California Lawmakers Call For Massive Rent Relief Bill

Modesto CA property manager

The best hope for swift pandemic aid to struggling California tenants and landlords might come from Georgia.

State lawmakers from California and three other western states this week are urging their congressional delegations to step up with $100 billion for rent relief —  an achievable goal, they believe, if Democrats win two seats in U.S. Senate elections in Georgia, seize control of the upper chamber, and push a significant stimulus bill through Congress.

Assembly member David Chiu, D-San Francisco, chair of the housing and community development committee, said the federal aid backed by President-elect Joe Biden and vice president-elect Kamala Harris could happen quickly if their party wins in the January special elections. Republicans hold a two-seat Senate majority with two Georgia seats at stake in the Jan. 5 runoff, and have held off on approving a large stimulus package.

States do not have enough resources to stem the crisis, Chiu said. About 1.3 million tenant households in the U.S. will have piled up $7.2 billion in unpaid rent by the end of the year, according to a recent study by the Federal Reserve Bank of Philadelphia. “Only the federal government has enough money,” Chiu said.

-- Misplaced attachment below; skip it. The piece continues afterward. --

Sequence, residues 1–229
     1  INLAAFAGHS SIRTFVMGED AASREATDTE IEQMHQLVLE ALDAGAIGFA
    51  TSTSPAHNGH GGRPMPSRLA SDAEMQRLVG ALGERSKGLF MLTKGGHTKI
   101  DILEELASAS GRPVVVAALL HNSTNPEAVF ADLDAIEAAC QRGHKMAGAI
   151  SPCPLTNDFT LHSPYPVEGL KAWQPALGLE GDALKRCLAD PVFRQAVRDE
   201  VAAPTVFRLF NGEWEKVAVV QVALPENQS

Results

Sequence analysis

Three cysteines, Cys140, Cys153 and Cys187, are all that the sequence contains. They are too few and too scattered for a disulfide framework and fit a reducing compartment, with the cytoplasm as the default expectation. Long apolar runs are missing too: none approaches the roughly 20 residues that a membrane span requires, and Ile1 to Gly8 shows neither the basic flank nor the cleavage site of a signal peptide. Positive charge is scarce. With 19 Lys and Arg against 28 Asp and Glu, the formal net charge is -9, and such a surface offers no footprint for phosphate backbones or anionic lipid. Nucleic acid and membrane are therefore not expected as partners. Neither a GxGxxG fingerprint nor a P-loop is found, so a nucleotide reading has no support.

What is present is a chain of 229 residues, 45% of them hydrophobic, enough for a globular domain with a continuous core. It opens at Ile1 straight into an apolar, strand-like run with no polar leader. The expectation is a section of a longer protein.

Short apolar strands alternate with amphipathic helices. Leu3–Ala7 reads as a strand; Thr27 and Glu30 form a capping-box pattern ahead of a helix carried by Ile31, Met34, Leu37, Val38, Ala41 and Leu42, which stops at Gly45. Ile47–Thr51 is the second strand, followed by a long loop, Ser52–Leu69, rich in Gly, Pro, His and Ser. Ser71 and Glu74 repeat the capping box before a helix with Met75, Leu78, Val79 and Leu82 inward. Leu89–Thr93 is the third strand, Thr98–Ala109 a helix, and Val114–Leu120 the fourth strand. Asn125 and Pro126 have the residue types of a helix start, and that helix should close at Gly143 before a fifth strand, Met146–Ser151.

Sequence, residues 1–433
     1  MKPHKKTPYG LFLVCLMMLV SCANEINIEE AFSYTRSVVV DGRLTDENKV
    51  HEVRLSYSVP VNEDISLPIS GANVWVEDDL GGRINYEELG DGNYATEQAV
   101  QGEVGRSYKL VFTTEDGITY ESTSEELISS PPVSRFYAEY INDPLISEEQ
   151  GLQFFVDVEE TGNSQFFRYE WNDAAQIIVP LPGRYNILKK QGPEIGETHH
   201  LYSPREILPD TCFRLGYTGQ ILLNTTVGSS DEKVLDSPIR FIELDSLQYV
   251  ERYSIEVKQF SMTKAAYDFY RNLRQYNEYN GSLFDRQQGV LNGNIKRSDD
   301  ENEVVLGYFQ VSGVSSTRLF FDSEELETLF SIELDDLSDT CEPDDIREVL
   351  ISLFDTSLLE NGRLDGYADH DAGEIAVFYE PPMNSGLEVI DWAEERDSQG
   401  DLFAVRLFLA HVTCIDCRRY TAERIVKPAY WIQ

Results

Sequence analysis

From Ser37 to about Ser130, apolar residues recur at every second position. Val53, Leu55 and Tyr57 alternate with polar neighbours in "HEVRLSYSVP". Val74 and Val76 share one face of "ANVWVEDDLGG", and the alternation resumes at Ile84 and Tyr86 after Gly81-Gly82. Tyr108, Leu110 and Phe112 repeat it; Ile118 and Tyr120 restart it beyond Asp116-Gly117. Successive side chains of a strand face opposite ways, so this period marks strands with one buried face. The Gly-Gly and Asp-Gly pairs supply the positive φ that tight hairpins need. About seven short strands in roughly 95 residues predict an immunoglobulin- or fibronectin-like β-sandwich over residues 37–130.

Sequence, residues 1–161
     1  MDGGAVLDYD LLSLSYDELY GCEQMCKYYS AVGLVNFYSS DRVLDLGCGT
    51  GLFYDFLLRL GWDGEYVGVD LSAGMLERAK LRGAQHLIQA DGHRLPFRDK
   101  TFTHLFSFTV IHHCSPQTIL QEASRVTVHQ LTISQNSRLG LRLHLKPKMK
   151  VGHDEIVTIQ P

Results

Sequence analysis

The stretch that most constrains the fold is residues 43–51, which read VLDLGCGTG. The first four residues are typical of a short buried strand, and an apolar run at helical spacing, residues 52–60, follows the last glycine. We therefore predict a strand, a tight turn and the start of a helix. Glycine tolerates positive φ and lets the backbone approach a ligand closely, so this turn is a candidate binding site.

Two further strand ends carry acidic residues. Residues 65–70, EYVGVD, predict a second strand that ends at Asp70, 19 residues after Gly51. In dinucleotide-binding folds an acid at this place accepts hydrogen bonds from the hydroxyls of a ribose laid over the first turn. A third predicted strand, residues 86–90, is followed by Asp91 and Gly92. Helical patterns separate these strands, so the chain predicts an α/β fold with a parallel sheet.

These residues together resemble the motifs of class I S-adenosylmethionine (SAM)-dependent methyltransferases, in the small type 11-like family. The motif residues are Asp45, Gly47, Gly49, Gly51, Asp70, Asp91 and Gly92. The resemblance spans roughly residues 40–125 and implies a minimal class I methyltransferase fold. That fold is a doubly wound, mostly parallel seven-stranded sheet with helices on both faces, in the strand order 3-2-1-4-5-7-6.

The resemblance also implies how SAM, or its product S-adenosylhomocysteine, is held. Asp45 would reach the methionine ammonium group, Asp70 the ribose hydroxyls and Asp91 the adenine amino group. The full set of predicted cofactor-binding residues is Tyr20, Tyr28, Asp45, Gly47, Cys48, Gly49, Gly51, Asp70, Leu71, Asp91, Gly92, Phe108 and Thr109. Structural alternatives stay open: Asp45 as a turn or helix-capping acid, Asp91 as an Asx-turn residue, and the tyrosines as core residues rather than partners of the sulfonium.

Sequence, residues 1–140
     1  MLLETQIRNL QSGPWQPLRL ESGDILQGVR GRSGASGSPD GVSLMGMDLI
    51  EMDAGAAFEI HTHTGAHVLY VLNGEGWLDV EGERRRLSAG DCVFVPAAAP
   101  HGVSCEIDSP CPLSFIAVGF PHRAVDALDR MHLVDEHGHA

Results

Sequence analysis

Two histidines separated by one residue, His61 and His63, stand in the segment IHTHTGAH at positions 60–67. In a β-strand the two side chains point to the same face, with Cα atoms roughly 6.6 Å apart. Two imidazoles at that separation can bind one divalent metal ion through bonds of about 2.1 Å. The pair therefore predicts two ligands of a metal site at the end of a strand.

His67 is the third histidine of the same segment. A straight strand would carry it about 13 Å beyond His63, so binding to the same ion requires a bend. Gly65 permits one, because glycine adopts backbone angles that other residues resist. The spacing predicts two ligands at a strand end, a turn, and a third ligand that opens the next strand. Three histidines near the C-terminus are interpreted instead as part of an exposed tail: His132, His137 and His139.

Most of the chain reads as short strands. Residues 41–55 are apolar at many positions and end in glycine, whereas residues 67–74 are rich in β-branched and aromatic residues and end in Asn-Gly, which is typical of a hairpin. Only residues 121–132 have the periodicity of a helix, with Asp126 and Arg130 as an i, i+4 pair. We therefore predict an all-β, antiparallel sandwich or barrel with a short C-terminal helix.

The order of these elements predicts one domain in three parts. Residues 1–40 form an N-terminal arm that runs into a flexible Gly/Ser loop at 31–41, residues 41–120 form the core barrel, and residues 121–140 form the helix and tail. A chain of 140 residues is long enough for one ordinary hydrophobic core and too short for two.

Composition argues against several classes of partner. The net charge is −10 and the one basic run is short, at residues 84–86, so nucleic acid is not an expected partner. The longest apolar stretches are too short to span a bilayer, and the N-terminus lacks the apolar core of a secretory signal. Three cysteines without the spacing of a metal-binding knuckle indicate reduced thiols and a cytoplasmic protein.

Chiu and Sen. Scott Wiener, D-San Francisco, chair of the senate housing committee, along with elected leaders in Hawaii, Oregon and Washington state, sent a letter to their congressional delegations this week urging passage of a rent relief bill.

The push comes as Bay Area renters fall tens of millions of dollars behind in rent, and a state moratorium on evictions expires Jan. 31 — a date Chiu said was chosen with the hope that a Democratic sweep in presidential and congressional elections would make a robust stimulus bill possible.

Chiu added he has been negotiating an extension to the moratorium if the crisis deepens without federal relief.

Landlords and renter advocates have also urged a major relief package from Congress, saying the building crisis could spin into widespread evictions, mortgage defaults and a collapse of rental markets.

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